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Help! My DesignerObjects aren’t showing up where I want them to.

The Designer window works on a x,y coordinate system where (0, 0) is the left top corner.

Let’s look at an example. Say we have a window that is 800 pixels wide and 600 pixels tall (this is the default size of the Designer window). Look at the image to understand the coordinate system.

computer window with "(0,0)" in the left top corner, "(400, 300)" in the middle of the window, and "(800, 600)" in the bottom corner.

Actions After Start

Once you call the start() function, no other code will run until your game finishes.

from designer import *

# These print statements demonstrate when code runs relative to start
print("This line will execute before the game starts.")
print("This line will not execute until the game is over."

If you want to have activity in your game, you have to use the when function to add event handling.

Why Use a Constructor

We recommend having a nullary constructor to set up your World.

from designer import *

# Define the shape of the World
World = { "box": DesignerObject }

# Create a function that creates new worlds
def create_the_world() -> World:
    # Actually create an initial World instance
    return {
        # The world has a 20x30 black rectangle in it
        "box": rectangle("black", 20, 30)

# This tells Designer to call our `create_the_world` function
# when the game starts, in order to setup our initial World.
when("starting", create_the_world)


However, strictly speaking, this isn’t necesary. You can actually just create a World and pass it in to the start function.

from designer import *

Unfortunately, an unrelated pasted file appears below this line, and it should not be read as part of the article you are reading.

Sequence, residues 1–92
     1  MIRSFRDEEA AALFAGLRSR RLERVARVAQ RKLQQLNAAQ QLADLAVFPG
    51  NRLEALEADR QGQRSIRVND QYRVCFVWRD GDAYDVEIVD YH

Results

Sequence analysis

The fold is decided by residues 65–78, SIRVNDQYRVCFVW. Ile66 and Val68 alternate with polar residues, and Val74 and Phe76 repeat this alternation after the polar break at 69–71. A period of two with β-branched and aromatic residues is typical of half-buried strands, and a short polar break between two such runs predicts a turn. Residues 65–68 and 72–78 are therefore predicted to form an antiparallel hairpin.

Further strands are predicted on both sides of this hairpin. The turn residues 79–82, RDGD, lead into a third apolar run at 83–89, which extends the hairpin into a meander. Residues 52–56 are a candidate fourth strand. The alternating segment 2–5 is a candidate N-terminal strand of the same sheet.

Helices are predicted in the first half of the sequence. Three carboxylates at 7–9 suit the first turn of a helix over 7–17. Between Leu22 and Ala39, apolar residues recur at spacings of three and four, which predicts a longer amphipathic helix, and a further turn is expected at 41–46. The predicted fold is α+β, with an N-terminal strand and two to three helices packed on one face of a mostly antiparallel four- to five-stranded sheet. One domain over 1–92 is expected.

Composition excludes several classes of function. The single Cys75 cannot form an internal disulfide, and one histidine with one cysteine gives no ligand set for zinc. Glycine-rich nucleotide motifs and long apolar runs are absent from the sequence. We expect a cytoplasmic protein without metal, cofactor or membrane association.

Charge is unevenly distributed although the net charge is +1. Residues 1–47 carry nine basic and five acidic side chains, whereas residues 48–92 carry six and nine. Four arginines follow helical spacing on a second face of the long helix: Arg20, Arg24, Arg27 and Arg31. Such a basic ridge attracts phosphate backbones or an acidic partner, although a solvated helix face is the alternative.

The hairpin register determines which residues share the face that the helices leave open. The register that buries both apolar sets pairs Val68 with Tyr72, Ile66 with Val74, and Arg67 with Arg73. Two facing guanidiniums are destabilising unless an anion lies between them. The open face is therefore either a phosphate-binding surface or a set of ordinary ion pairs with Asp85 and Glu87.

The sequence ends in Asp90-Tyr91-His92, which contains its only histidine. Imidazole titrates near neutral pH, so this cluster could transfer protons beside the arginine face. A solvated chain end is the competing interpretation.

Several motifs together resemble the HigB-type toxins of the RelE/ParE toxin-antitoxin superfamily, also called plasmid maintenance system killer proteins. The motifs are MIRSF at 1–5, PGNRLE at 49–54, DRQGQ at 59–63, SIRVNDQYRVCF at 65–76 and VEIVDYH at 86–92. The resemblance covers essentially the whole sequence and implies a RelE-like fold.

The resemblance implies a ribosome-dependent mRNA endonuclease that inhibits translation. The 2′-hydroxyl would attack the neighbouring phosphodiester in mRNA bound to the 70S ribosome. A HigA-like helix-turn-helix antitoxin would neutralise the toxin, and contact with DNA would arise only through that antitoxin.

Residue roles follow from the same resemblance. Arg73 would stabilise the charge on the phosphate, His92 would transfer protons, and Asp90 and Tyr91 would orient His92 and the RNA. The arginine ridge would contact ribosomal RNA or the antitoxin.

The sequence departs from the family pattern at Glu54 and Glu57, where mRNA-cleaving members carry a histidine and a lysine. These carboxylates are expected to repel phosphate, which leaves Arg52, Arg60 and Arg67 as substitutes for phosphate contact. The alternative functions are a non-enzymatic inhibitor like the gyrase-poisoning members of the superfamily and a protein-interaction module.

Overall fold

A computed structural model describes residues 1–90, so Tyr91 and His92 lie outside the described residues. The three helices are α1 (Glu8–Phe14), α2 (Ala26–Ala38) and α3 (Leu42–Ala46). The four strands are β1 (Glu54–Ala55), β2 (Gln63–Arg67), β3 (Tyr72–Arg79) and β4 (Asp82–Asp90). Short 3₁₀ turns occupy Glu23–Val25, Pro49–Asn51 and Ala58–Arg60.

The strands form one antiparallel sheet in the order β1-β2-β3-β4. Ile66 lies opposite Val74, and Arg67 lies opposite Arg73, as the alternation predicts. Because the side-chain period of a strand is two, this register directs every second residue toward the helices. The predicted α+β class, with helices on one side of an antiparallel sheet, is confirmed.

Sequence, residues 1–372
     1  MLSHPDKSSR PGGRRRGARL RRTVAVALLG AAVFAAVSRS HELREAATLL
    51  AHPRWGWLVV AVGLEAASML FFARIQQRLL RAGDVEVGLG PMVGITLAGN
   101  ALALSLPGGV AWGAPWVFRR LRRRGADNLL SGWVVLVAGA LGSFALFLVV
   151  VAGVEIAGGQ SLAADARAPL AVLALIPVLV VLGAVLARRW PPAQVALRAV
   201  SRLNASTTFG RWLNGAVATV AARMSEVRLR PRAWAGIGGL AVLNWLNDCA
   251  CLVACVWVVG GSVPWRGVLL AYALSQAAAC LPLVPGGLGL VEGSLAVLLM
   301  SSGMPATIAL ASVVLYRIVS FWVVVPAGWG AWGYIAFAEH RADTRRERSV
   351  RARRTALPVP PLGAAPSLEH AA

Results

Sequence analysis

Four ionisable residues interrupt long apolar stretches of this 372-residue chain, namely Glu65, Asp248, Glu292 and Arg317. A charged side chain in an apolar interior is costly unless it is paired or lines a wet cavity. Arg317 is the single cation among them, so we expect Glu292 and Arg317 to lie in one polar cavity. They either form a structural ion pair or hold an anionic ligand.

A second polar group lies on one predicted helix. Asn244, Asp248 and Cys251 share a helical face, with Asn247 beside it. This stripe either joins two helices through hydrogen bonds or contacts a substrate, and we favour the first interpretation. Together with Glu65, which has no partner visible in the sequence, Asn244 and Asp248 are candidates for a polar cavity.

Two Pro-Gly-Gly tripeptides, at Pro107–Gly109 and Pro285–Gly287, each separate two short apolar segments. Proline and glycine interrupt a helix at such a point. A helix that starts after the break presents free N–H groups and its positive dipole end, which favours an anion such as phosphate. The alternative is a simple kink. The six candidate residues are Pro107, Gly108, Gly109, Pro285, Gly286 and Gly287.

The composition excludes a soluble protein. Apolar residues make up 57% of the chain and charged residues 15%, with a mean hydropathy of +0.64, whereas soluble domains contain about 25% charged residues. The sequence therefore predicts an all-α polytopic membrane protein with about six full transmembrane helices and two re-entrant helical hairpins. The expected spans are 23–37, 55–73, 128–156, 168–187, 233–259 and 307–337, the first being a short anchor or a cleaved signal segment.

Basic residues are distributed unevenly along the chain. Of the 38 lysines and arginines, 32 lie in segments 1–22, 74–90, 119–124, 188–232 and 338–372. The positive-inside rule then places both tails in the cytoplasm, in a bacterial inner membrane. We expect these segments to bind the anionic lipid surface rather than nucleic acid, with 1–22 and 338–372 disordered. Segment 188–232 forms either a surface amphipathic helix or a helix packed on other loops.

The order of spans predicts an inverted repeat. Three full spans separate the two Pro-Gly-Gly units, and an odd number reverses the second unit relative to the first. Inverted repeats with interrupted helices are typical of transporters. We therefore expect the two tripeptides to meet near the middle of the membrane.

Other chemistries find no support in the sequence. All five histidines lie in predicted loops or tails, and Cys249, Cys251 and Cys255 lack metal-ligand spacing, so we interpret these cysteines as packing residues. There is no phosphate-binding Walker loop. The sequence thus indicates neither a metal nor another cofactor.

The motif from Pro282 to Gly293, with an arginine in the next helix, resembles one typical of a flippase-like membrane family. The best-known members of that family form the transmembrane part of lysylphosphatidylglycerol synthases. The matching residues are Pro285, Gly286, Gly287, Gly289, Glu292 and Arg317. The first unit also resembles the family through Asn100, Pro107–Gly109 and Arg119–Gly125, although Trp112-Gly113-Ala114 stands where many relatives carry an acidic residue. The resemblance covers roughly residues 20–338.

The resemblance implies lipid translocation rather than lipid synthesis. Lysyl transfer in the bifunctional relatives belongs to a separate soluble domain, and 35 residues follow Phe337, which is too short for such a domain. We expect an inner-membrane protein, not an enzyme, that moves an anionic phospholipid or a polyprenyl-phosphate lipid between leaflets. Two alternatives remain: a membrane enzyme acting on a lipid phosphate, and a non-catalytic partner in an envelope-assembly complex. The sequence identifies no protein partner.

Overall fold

start({"box": rectangle("black", 20, 30)})

The end result is the same, and the version without the constructor seems much shorter. So why would you want to go through all the trouble?

There are three main advantages to the Constructor approach.

First, we can define the type more concretely. This makes it clearer to others what the World looks like and how it should be used. Technically, you can also achieve this if you store the World in a variable.

from designer import *

World = { "box": DesignerObject }
initial_world: World = {"box": rectangle("black", 20, 30)}

Second, we can reset the game more easily. Whenever you want to reset the game to its initial state, you can simply have an updating function call the create_the_world function and return the resulting new world.

Third, we can test our game more easily. Any time you want to create a World, you just call create_the_world and you have a fresh instance. From there, you can manipulate its fields and call update functions on the World.

Adding New Fields

When you want to have an extra field for a DesignerObject, you can simply inherit from the class and add the field. However, this means that you will need to initialize the field in the constructor as a keyword argument.

from designer import *
import math

class SpeedEmoji(emoji):
    speed: int

def update_emoji(se: SpeedEmoji):
    se.speed = (se.speed+10) % 360
    se.x += math.sin(math.radians(se.speed))*10

start(SpeedEmoji("dog", speed=5))

Note how we have to pass in the speed as a keyword argument to SpeedEmoji.